What to and not to do when interviewing

I’ve previously talked about how to hire for your business, but I wanted to take that a step further and talk about interviews, specifically Interview Do’s and Don’ts.

Many businesses underestimate this part of the process, whether this be due to lack of know-how, time pressures, etc, but I can’t stress how critical this can be for your business.

Here’s our tips of what you should do for each and every interview you conduct for your business.


  • Ensure the candidate has been provided with all the necessary information for the interview, ie, office address, transport/parking options, position description, etc
  • Set aside a quiet and confidential space to conduct the interview
  • Prepare!  Read the candidates resume before they arrive at the interview; develop questions you want to ask them relevant to the role
  • If you are interviewing candidates back to back, then allow a gap in between meetings so you can debrief and take a quick break in between (it also helps candidates not bumping into each other)

At Interview:

  • Greet candidate – introduce yourself and your role, plus any other colleagues that may be in attendance
  • Build some initial rapport with the candidate before starting the interview, ie, ask them how their day is going / has gone so far, the weather, etc.
  • Make the candidate feel welcome – remember, it is not just them that is being interviewed.  Interviewing is a 2-way street.  You too are being interviewed, as a prospective employer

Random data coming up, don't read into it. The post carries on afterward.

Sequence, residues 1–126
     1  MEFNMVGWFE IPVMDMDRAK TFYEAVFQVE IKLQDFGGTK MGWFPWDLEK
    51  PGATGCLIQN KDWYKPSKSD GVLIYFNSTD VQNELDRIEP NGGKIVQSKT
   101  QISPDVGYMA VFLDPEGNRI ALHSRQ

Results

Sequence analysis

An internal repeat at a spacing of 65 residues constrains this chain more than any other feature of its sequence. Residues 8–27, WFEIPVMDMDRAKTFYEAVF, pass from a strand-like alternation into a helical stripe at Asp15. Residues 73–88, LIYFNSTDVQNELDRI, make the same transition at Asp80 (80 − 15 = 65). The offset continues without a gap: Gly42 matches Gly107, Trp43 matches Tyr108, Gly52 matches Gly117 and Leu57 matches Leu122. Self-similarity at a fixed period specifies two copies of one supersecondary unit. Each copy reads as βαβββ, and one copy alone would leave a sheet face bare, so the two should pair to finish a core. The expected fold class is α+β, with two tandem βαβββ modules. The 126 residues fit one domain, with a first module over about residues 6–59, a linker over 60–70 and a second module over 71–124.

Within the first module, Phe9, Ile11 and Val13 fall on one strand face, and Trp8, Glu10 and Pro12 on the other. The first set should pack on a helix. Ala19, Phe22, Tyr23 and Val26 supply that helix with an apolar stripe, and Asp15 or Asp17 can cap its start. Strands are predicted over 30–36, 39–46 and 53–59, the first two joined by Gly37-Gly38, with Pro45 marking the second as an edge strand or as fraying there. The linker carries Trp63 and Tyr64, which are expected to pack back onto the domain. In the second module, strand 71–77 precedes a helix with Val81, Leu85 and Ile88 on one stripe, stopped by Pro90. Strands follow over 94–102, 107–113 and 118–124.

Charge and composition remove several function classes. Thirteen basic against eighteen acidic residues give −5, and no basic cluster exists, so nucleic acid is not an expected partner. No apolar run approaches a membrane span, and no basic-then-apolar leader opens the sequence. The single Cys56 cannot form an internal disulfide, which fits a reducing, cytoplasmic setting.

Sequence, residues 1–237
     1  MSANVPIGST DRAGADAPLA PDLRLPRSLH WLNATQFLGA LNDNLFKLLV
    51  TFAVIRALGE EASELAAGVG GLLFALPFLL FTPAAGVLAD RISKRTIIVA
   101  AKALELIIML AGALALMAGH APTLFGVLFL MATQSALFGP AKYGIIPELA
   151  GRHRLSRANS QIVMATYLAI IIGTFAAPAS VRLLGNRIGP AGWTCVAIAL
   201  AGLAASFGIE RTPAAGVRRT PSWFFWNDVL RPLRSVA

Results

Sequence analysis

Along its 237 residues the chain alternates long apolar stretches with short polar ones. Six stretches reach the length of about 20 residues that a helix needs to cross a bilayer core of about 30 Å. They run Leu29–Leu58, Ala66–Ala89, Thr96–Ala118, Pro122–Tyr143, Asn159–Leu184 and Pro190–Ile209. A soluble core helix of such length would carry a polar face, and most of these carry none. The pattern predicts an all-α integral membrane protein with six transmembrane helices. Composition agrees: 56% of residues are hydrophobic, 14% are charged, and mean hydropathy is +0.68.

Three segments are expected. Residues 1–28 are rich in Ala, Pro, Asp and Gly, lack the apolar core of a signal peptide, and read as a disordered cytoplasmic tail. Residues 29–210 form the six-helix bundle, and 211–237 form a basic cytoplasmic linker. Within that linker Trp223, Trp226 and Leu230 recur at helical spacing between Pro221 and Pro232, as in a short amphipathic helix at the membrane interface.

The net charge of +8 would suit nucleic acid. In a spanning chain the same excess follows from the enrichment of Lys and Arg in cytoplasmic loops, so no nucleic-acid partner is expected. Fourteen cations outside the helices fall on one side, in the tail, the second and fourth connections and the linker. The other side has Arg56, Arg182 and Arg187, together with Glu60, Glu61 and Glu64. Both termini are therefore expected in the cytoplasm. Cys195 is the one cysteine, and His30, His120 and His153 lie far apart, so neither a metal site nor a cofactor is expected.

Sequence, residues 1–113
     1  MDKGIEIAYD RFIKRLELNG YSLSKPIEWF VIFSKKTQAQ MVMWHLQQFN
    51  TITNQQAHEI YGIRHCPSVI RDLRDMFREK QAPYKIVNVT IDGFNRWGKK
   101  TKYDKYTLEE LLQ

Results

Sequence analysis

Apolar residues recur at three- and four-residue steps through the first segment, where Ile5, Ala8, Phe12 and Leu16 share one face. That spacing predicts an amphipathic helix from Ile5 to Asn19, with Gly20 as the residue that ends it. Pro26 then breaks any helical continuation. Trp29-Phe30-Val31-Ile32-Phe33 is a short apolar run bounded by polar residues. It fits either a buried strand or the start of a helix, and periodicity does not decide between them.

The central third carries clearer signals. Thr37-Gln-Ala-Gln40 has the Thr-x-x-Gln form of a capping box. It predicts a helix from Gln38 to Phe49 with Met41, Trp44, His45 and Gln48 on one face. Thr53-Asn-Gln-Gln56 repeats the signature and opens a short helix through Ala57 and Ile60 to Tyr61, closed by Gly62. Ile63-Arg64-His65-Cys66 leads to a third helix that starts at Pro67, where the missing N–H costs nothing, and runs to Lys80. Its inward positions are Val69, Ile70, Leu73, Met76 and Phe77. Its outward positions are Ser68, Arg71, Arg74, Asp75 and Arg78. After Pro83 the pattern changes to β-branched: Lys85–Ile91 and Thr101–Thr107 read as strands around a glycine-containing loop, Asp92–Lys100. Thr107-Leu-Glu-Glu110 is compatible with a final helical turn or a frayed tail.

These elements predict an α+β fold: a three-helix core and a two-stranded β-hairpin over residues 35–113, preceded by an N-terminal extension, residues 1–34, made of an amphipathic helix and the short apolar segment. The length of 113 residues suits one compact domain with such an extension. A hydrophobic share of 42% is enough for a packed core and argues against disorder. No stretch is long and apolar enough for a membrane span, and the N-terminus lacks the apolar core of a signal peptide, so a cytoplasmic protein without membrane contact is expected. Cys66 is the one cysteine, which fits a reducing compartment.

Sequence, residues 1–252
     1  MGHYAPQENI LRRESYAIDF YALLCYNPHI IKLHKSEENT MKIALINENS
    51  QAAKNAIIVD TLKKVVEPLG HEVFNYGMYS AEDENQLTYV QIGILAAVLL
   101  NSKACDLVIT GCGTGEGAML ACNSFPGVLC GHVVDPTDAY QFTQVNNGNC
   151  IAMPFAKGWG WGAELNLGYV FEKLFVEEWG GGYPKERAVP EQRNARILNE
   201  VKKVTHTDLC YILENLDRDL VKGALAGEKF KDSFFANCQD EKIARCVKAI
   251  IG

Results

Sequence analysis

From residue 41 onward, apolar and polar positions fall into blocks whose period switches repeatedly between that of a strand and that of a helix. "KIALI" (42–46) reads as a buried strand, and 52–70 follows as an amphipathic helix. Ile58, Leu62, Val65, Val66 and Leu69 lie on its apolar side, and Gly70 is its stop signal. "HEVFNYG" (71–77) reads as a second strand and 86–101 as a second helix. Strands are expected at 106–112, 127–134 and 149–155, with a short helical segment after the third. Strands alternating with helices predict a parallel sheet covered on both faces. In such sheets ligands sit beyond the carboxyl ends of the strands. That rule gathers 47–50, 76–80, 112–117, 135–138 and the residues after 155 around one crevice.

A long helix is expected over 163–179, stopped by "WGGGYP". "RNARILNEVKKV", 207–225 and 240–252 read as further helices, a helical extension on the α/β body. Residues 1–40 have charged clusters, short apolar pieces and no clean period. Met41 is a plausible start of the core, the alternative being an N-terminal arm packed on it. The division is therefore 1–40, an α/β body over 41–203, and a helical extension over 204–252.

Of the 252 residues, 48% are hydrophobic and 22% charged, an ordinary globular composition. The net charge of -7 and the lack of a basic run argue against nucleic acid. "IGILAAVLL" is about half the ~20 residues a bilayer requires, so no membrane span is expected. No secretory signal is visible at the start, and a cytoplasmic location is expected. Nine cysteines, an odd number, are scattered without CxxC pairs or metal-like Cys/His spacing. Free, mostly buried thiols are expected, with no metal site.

• Explain the purpose of the interview, ie, to learn more about their background and skills, to provide them more information about the role and your business and also to allow them the opportunity to ask any questions they may have
  • Let the candidate know you may be taking notes throughout the interview
  • An interview, can be the first contact a person may have with your business, so it’s their first encounter with your brand, so make sure it’s a positive experience, regardless of whether they are suitable or not for the role
  • Treat others like you would like to be treated – not only is it your business you represent, but your own name and reputation in the marketplace
  • If you don’t feel that you have quite understood or have a clear picture of an example that a candidate has provided you, don’t assume.  Probe for further information, ie, ‘could you tell me more’ or, ‘then what happened’.
  • Ensure you ask all candidates the same interview questions, so you can compare responses
  • Allow time in the interview for the candidate to ask questions
  • Talk each candidate through next steps (ie, references) and an approximate timeline on when you will make a decision

Post Interview:

  • Ensure you let people know the outcome of their application

Here are the things I discourage for interviews:

  • Never assume anything – always ask questions and clarify to ensure there are no misunderstandings
  • Don’t promise the candidate anything you can’t deliver on
  • Don’t oversell the role – this will ensure that a candidate’s expectations remain realistic
  • Do not ask any questions that may be deemed discriminatory such as:  race, sex, gender, age, religion, marital status, family status, political beliefs, relatives, hobbies
  • Don’t disengage from the process if the candidate doesn’t have quite the right skills and experience – you should always ensure that everyone who comes into contact with your brand has a positive experience

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